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Appl Environ Microbiol. 2000 Apr;66(4):1493-8.

Effects of acid adaptation of Escherichia coli O157:H7 on efficacy of acetic acid spray washes to decontaminate beef carcass tissue.

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  • 1Roman L. Hruska U.S. Meat Animal Research Center, Agricultural Research Service, United States Department of Agriculture, Clay Center, Nebraska 68933-0166, USA. berry@email.marc.usda.gov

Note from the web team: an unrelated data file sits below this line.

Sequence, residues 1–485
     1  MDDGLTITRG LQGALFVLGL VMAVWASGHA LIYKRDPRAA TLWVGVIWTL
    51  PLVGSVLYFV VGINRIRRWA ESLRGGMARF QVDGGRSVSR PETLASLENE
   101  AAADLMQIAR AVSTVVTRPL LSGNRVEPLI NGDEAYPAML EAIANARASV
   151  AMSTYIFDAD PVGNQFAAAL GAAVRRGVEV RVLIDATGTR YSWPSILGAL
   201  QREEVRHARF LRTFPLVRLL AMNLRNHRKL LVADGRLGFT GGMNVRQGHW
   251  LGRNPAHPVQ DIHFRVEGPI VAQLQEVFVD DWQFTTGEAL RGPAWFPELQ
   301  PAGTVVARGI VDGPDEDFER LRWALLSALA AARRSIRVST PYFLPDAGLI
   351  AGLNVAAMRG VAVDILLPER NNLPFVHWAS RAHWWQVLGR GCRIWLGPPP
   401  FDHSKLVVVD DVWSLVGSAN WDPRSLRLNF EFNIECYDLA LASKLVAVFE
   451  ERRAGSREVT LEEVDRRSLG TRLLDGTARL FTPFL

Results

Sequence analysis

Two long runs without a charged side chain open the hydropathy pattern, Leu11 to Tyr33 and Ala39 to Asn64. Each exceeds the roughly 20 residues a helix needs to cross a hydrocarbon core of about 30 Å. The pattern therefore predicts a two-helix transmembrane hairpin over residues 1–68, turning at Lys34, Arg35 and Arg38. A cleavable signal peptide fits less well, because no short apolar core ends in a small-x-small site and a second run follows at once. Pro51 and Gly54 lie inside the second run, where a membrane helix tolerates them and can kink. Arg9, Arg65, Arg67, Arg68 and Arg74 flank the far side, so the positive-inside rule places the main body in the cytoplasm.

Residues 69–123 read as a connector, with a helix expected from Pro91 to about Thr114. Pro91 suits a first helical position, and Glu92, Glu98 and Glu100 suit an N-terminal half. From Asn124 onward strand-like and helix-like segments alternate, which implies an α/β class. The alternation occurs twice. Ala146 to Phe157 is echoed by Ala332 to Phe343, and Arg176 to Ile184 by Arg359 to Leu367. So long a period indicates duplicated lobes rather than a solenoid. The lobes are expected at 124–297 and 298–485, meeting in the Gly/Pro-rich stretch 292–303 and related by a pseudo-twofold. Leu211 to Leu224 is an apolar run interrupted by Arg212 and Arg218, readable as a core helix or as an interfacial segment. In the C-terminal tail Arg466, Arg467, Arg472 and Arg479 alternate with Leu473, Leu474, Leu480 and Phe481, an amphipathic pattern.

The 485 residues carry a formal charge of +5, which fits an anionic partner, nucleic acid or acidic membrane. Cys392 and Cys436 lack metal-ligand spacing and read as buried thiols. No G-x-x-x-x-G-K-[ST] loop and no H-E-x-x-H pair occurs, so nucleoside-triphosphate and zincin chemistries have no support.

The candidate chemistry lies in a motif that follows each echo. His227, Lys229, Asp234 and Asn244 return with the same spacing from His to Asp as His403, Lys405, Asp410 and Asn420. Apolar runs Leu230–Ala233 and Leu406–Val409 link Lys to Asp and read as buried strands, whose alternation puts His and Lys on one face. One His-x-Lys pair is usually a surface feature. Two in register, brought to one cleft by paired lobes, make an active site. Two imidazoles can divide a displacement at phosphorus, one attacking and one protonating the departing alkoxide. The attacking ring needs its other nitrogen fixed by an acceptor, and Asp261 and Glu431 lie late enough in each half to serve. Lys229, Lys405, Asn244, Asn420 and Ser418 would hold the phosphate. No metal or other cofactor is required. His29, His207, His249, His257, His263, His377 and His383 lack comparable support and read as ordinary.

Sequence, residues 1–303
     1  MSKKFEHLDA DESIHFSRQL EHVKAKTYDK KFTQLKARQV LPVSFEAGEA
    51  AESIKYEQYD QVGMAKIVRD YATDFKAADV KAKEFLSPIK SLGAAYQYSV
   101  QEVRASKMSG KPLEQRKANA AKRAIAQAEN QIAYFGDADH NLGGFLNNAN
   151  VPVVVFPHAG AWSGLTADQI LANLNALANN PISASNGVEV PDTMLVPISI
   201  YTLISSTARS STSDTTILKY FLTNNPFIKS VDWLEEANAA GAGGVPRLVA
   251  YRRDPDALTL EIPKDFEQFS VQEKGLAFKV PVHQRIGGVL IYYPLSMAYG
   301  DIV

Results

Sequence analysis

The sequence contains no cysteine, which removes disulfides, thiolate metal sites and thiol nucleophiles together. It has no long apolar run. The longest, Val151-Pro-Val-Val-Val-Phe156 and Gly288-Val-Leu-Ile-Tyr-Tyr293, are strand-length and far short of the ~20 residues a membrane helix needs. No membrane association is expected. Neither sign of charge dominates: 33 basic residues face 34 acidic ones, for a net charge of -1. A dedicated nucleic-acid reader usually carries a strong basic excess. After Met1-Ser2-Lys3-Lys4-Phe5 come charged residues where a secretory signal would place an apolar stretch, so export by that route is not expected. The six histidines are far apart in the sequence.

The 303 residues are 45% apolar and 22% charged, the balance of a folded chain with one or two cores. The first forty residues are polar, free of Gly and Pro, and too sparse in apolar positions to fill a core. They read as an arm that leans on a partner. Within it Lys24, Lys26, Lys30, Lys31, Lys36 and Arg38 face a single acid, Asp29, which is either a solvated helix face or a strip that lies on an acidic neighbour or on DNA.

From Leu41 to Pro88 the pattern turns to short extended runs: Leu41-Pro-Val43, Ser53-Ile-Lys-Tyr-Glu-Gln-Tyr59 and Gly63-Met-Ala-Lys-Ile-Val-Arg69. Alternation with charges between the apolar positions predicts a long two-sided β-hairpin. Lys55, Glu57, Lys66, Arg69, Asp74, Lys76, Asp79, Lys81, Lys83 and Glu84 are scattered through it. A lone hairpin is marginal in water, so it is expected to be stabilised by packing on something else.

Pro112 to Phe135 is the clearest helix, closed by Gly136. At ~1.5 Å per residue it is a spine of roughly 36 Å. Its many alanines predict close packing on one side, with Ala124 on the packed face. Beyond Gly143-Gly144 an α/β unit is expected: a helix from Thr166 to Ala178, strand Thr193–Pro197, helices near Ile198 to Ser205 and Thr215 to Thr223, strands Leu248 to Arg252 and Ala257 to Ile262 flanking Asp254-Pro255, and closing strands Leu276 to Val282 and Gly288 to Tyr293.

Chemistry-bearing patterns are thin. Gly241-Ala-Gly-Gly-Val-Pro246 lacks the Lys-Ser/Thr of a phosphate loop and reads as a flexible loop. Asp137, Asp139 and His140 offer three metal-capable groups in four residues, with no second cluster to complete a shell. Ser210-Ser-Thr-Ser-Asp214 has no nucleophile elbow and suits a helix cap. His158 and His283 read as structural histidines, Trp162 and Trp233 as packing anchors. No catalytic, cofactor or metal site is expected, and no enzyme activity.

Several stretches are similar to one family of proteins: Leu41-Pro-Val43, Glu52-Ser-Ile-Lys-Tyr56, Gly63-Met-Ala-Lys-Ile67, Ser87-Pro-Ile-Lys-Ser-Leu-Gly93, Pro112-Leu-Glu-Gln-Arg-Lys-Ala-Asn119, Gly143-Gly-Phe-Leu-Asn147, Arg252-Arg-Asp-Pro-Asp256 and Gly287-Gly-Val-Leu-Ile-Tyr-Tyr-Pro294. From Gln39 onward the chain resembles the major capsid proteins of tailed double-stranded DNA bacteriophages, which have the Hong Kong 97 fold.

Exposure to low pH and organic acids in the bovine gastrointestinal tract may result in the induced acid resistance of Escherichia coli O157:H7 and other pathogens that may subsequently contaminate beef carcasses. The effect of acid adaptation of E. coli O157:H7 on the ability of acetic acid spray washing to reduce populations of this organism on beef carcass tissue was examined. Stationary-phase acid resistance and the ability to induce acid tolerance were determined for a collection of E. coli O157:H7 strains by testing the survival of acid-adapted and unadapted cells in HCl-acidified tryptic soy broth (pH 2.5). Three E. coli O157:H7 strains that were categorized as acid resistant (ATCC 43895) or acid sensitive (ATCC 43890) or that demonstrated inducible acid tolerance (ATCC 43889) were used in spray wash studies. Prerigor beef carcass surface tissue was inoculated with bovine feces containing either acid-adapted or unadapted E. coli O157:H7. The beef tissue was subjected to spray washing treatments with water or 2% acetic acid or left untreated. For strains ATCC 43895 and 43889, larger populations of acid-adapted cells than of unadapted cells remained on beef tissue following 2% acetic acid treatments and these differences remained throughout 14 days of 4 degrees C storage. For both strains, numbers of acid-adapted cells remaining on tissue following 2% acetic acid treatments were similar to numbers of both acid-adapted and unadapted cells remaining on tissue following water treatments. For strain ATCC 43890, there was no difference between populations of acid-adapted and unadapted cells remaining on beef tissue immediately following 2% acetic acid treatments. These data indicate that adaptation to acidic conditions by E. coli O157:H7 can negatively influence the effectiveness of 2% acetic acid spray washing in reducing the numbers of this organism on carcasses.

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